Cognitive Biases that Affect Judgment and Decision Making | TechWell

Cognitive Biases that Affect Judgment and Decision Making

Cognitive biases are biases in judgment and decision making that have been demonstrated in research in psychology and behavioral economics. Wikipedia lists several dozen such biases. It’s amazing, really, that we accomplish as much as we do as successfully as we do given our cognitive biases.

In addition to the confirmation bias and the hindsight bias, which I’ve previously written about, here are three others that you may have experienced personally or observed in your coworkers.

First, the availability bias. Many of the flaws in our thinking stem from this bias. That is, we tend to remember the first, last, and peak moments of memorable or vivid events and tend to overestimate the probability of such events, especially when they are magnified by media coverage. Thus, although shark attacks are rare, when they happen, we may see them out of proportion to their actual occurrence and avoid beaches that are perfectly safe.

A second bias is the observational selection bias. This is the bias that we experience if we suddenly start noticing things we didn’t notice before and wrongly assume that the frequency has increased. I never noticed all the red cars on the road until we bought a red one; then, red cars were everywhere. Noticing something more often because you’re paying more attention isn’t a problem as long as you don’t wrongly assume the frequency has increased when it hasn’t.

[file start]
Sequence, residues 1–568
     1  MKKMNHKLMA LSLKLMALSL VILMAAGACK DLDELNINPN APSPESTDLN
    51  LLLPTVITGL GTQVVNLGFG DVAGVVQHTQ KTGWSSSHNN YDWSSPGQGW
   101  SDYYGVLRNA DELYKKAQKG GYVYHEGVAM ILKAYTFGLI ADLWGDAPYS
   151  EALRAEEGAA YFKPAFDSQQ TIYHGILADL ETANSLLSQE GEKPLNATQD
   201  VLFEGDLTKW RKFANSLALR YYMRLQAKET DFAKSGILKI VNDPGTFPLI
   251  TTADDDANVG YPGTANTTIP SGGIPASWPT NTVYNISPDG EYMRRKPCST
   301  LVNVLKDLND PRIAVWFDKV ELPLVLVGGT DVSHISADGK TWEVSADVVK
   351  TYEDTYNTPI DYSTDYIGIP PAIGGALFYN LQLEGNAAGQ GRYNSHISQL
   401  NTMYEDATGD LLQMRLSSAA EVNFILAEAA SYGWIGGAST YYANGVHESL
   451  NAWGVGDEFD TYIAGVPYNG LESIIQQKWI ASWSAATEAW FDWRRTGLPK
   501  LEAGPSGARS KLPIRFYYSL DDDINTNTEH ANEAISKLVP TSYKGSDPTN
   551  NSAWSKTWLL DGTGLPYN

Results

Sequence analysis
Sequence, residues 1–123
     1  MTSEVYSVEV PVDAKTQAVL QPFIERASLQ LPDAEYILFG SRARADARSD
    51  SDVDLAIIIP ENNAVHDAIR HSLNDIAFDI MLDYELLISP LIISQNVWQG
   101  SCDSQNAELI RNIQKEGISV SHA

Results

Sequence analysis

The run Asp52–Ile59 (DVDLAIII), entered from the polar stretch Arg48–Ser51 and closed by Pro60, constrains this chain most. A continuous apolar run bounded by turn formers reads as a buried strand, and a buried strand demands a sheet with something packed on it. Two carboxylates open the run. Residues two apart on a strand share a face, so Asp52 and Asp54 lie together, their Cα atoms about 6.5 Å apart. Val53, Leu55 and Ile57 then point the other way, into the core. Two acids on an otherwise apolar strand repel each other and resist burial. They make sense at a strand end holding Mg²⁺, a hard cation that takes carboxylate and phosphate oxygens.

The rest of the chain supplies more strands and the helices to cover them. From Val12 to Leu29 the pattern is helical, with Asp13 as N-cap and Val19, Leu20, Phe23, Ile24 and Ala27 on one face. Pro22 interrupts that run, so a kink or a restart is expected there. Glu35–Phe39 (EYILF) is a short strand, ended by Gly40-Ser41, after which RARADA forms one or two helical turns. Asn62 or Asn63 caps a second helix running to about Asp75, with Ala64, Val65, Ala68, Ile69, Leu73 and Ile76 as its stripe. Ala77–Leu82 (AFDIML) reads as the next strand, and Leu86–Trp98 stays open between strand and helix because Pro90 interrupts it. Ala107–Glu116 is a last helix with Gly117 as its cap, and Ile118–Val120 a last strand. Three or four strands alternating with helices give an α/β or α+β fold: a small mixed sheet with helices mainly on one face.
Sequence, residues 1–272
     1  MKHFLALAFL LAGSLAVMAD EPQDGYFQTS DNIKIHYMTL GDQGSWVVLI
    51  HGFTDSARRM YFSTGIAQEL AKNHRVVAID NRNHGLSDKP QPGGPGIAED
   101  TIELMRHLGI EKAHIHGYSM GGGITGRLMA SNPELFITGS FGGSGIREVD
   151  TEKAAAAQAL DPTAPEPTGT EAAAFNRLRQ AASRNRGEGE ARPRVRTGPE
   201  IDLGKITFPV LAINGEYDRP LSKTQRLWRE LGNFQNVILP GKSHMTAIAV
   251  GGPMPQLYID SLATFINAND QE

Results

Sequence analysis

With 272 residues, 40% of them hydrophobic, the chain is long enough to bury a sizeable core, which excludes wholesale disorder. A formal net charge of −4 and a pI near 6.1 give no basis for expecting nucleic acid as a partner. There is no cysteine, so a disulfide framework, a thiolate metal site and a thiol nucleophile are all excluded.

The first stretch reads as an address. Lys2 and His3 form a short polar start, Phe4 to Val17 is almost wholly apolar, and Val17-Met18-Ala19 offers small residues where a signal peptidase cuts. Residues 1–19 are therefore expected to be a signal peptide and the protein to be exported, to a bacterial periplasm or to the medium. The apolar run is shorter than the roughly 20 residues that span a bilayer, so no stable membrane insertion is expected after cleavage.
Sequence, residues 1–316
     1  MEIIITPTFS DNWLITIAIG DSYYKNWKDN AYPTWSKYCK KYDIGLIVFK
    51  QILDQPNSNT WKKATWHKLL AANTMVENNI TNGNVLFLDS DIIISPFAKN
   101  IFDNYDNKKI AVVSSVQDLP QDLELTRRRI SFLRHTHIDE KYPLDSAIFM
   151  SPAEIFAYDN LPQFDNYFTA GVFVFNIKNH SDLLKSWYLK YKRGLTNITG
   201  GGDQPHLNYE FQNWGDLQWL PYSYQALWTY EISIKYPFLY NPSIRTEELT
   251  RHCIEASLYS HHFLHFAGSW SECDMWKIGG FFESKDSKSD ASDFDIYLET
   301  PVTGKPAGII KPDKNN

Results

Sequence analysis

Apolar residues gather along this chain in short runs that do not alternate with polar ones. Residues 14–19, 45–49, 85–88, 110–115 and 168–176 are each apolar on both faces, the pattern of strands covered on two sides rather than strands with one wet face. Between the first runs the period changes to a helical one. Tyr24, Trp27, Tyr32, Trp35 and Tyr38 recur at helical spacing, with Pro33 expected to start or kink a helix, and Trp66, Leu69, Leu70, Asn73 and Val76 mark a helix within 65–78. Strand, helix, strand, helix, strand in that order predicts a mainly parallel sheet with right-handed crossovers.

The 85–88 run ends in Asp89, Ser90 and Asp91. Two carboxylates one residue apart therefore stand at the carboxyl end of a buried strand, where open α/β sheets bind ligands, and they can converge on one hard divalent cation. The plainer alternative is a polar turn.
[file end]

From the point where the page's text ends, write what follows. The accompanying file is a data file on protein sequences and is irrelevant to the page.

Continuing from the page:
A bias related to the previous two is the negativity bias. We seem to be much more attuned to negative experiences than positive ones and tend to be more susceptible to seeing the downside in a situation before (or instead of) the upside. This bias may be survival related: Our bodies generally react more intensely to negative stimuli than to equally strong positive ones, and negative stimuli produce more neural activity than do equally intense positive ones.

As a result, the negative impact of setbacks in your work may affect your motivation much more strongly than the progress you’ve made. It's just easier to remember the things that go wrong each day than the things that go right. Jeff Haden, author of this Inc. article on banishing the negativity bias, quotes his father as saying, “It takes five pats on the back to make up for one ‘Oh, crap.’”

We are the sum of our biases, and there’s little chance of eliminating all of them. But by being aware of them, you may be able to prevent them from causing you to misjudge a situation or make an unsound decision. Even better, take explicit steps to avoid them, such as identifying three specific good things each day to counter the negativity bias.

Which of these biases have you encountered at work?

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